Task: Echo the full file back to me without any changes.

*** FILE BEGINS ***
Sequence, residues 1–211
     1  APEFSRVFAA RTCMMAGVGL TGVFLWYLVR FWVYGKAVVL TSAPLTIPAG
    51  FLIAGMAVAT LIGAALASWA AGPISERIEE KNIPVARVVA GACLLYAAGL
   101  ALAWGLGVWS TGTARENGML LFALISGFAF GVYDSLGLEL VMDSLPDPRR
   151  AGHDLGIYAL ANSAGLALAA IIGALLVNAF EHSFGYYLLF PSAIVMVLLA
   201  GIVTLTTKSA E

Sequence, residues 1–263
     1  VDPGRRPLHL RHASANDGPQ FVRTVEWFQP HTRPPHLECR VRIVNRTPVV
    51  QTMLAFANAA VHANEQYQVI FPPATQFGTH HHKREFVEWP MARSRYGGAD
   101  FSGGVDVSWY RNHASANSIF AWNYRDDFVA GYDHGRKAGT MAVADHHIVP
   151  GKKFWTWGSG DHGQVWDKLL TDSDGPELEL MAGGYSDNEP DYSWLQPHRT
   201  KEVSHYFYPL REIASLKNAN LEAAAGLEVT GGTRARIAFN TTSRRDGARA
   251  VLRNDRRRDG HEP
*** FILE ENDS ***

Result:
Sequence, residues 1–211
     1  APEFSRVFAA RTCMMAGVGL TGVFLWYLVR FWVYGKAVVL TSAPLTIPAG
    51  FLIAGMAVAT LIGAALASWA AGPISERIEE KNIPVARVVA GACLLYAAGL
   101  ALAWGLGVWS TGTARENGML LFALISGFAF GVYDSLGLEL VMDSLPDPRR
   151  AGHDLGIYAL ANSAGLALAA IIGALLVNAF EHSFGYYLLF PSAIVMVLLA
   201  GIVTLTTKSA E

Sequence, residues 1–263
     1  VDPGRRPLHL RHASANDGPQ FVRTVEWFQP HTRPPHLECR VRIVNRTPVV
    51  QTMLAFANAA VHANEQYQVI FPPATQFGTH HHKREFVEWP MARSRYGGAD
   101  FSGGVDVSWY RNHASANSIF AWNYRDDFVA GYDHGRKAGT MAVADHHIVP
   151  GKKFWTWGSG DHGQVWDKLL TDSDGPELEL MAGGYSDNEP DYSWLQPHRT
   201  KEVSHYFYPL REIASLKNAN LEAAAGLEVT GGTRARIAFN TTSRRDGARA
   251  VLRNDRRRDG HEP